You need one medium size ginger root, as fresh as possible. It should be about the size of three of your fingers, like this:
Sugar and Water
Regular table sugar. You’ll only need a tablespoon or two, depending on your preference of how sweet you want the relish. The sweeter the apple, the less sugar you need. And some tap water.
First, rinse the cranberries and discard any bad ones.
Peel and rinse the ginger; if you don’t know the trick about how to peel ginger easily, watch this video. Cut the ginger up into one inch chunks.
Rinse, peel, and core the apple. Then cut it into one inch chunks.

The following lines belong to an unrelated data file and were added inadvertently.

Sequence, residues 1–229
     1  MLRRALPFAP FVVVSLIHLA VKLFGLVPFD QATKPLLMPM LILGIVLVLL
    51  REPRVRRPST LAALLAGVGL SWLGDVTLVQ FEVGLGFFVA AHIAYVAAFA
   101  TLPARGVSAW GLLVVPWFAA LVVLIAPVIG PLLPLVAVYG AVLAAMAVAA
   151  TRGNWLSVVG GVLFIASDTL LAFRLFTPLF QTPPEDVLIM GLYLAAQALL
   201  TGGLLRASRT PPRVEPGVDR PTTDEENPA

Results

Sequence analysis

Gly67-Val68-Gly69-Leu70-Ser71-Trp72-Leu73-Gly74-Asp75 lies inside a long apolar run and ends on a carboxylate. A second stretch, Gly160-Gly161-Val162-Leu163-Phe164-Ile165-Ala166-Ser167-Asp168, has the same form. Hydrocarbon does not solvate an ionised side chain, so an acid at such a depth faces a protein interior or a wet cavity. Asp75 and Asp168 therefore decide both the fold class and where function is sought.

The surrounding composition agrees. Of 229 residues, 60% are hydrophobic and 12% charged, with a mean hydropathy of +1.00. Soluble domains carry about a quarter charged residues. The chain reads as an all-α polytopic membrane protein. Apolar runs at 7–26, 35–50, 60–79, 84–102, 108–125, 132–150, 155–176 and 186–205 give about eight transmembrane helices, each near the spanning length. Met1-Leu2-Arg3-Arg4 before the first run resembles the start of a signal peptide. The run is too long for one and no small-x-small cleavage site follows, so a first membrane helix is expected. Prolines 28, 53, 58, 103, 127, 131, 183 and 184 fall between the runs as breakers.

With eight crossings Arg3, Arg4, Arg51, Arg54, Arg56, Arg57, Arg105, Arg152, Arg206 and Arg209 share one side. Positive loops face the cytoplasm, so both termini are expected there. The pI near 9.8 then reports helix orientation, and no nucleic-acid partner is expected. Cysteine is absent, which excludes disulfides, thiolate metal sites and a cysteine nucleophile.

Put the ginger, cranberries, apple, one tablespoon of sugar, and a half cup of water into your food processor. Pulse it all to chop everything up to the consistency of relish, because this is relish! If it’s not blending nicely, add a little more water. Be careful not to blend it too much or it will become more of a sauce than a relish.
Once it looks nice, taste it. If it’s too tart for your tastes, add a little more sugar and blend it all together very briefly. Then taste again, and add more sugar if needed. (If you screw up and add too much sugar by accident, add a tiny bit of lemon juice to bring it back to the tart side. Nobody will know.)
When it gets to be not too tart but not too sweet, you’re done. Pour it into a bowl and let it sit in the fridge for an hour or more (overnight is fine), for the flavors to blend together. Stir before serving.
If you have more than you need, spoon some of it into a plastic container to freeze. Freezing and thawing doesn’t really hurt the consistency, I know from experience.